Sure, it’s important for a novel to have a strong sense of plot, realistic and interesting characters, and believable dialogue, but what about the extras? such as Harry Potter’s butterbeer, Alice’s “eat me” cakes, and Bilbo’s ale bring life to a story.
Extras like Dorothy’s sparkling shoes, Snow White’s poisoned apple, and Tinker Bell’s pixie dust bring richness to a scene. Many readers yearn to be a part of a world where enchanted items exist —have a replica of Dumbledore’s wand and a chocolate frog to prove it.

What item do you wish had magical properties? What food or drink from a movie would you like to try?

Guest post by H B Bolton

Photo Credits
1 Rainbow Pastries
photo credit: starbooze via photopin cc

2 Puffed Pastry
Photocredit: Minette Layne via photopin cc bochallavia photopin cc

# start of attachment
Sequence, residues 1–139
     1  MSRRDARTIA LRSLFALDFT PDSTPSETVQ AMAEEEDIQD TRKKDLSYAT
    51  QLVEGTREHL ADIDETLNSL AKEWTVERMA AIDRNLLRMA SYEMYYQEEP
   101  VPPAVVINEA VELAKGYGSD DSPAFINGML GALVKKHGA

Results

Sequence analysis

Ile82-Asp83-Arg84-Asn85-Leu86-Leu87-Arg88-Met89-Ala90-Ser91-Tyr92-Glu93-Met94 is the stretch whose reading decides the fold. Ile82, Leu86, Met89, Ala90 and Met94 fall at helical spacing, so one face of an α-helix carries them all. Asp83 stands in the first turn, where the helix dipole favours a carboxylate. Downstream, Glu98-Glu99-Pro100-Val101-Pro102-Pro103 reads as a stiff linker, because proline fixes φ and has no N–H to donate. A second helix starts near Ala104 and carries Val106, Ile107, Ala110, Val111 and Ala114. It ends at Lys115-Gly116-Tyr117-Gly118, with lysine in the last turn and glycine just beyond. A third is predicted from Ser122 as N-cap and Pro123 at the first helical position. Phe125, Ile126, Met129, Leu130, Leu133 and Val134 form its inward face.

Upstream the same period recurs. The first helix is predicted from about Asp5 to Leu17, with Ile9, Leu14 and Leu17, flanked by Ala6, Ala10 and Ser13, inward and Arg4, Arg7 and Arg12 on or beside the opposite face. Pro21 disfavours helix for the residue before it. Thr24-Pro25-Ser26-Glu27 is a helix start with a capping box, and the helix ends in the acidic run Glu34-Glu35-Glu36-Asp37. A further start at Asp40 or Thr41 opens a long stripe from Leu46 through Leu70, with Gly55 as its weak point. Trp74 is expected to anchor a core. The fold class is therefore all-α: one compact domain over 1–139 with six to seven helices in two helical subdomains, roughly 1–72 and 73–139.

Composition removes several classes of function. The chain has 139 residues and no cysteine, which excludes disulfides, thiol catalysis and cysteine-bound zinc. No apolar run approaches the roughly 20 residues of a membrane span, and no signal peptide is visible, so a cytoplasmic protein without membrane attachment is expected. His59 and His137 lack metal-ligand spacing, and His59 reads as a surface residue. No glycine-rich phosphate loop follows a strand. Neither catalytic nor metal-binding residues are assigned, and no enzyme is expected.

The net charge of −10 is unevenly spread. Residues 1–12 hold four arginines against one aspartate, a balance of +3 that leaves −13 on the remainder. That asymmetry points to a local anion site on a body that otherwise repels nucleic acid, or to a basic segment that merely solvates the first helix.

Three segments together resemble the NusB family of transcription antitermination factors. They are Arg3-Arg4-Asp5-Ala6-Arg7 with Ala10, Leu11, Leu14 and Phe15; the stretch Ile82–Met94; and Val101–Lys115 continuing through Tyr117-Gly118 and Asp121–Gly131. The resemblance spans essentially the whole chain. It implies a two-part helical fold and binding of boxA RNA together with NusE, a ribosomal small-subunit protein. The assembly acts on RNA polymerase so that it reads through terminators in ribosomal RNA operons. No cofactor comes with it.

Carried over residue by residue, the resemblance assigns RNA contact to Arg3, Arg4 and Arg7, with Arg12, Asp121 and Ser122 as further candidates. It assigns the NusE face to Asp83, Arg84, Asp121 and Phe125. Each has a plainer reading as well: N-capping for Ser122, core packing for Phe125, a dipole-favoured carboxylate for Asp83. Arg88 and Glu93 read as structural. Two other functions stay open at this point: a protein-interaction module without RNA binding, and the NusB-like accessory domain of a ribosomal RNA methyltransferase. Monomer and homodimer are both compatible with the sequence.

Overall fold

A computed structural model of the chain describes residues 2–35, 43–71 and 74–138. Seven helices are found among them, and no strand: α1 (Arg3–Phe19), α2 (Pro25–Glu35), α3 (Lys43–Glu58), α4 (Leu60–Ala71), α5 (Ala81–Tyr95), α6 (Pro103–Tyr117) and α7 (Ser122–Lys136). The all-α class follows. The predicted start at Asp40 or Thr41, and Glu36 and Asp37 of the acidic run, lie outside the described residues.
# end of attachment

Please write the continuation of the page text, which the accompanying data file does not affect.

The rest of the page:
4 Honeydukes
photocredit: Orihimehimex3 via photopin cc

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Self Published Sunday: The Pyramid Legacy

Two weeks a go we were delighted to interview Clive Eaton about his reading and writing experiences.
Clive has kindly returned to Self Published Sunday to share an excerpt from his debut novel The Pyramid Legacy.

For over four millennia the Great Pyramid of Giza has guarded a secret image; until NOW!
A prominent young Egyptologist is murdered by a colleague, deep within the bowels of the Great Pyramid of Giza. The authorities are keen to cover it up, but they know they can’t achieve total closure whilst English robotics engineer, Ben Anderson, remains in possession of a powerful image. An image, which suggests the Great Pyramid at Giza was not built by ancient Egyptians.